I joined the faculty of UH Mānoa in Fall 1969 and remained for thirty-six years, reaching the ranks of Professor, Associate Dean of Social Sciences (2001), and Professor Emeritus (2005). After an initial period of research in Hawaiian archaeology in the early 1970s, ethnoarchaeology and ethnography among Agta hunter-gatherers of the Philippines dominated my research from 1972 through the mid-1980s. In 1992, while Director of the Center for Southeast Asian Studies, I guided several faculty sand graduate students in research in Maluku, Indonesia, as part of my Henry Luce Foundation grant. As Chair of the Department of Anthropology (1996-2001), I prioritized rebuilding the Department after faculty losses, maintaining its national standing, and enhancing the quality of its teaching and research.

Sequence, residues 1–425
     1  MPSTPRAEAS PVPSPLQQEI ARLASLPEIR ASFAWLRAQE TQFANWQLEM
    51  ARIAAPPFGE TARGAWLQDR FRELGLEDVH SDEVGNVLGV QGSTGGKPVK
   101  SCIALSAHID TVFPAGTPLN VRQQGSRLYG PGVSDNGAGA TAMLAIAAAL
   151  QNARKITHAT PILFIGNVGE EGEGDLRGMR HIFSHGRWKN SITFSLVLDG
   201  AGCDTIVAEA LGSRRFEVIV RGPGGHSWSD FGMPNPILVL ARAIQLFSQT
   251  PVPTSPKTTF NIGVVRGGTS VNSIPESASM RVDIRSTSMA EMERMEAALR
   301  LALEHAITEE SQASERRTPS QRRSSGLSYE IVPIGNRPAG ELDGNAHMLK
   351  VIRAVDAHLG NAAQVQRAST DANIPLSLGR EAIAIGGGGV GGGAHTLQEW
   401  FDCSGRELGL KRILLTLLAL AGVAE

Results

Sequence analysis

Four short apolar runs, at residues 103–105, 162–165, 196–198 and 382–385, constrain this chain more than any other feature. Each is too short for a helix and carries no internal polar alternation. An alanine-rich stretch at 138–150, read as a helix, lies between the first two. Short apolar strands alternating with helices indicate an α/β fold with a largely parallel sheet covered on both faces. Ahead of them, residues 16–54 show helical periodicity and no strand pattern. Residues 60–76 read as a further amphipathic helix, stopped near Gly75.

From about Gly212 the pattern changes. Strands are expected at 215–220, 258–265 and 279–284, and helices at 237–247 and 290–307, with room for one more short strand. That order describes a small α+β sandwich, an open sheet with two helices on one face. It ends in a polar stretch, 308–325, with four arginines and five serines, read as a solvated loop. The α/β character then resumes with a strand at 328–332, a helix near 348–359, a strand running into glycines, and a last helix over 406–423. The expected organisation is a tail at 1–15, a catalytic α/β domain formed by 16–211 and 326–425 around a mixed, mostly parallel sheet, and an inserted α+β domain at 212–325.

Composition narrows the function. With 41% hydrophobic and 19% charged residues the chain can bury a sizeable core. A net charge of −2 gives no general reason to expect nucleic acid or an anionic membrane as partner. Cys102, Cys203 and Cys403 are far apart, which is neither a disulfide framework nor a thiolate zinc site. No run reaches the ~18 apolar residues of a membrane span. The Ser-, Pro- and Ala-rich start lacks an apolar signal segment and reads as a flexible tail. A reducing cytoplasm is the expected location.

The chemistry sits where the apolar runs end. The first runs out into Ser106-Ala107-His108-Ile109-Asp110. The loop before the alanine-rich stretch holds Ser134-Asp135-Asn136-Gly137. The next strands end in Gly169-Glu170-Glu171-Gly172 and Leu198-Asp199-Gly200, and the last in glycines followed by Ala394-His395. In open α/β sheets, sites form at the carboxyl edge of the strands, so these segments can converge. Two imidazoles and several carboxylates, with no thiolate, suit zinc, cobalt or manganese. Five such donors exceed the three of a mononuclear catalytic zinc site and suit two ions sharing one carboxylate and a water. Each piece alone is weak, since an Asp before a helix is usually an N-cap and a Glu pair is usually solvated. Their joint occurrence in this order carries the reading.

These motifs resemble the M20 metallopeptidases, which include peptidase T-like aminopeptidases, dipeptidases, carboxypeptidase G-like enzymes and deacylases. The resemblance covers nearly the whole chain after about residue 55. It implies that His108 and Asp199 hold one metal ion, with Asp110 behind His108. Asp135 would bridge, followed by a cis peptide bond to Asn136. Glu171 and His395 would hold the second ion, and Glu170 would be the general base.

In early 2013 I returned to research and writing in the Philippines. In 2018 I visited several Tasaday families in South Cotabato Province. I am now engaged in a study concerning contemporary “use and abuse” of the elephant populations of mainland Southeast Asia. I visit each year with Agta hosts in Isabela and Cagayan Provinces and elephant sanctuaries in Mainland Southeast Asia. Currently, I am preparing my decades of Agta research data and artifacts for museum storage. I also write in military anthropology.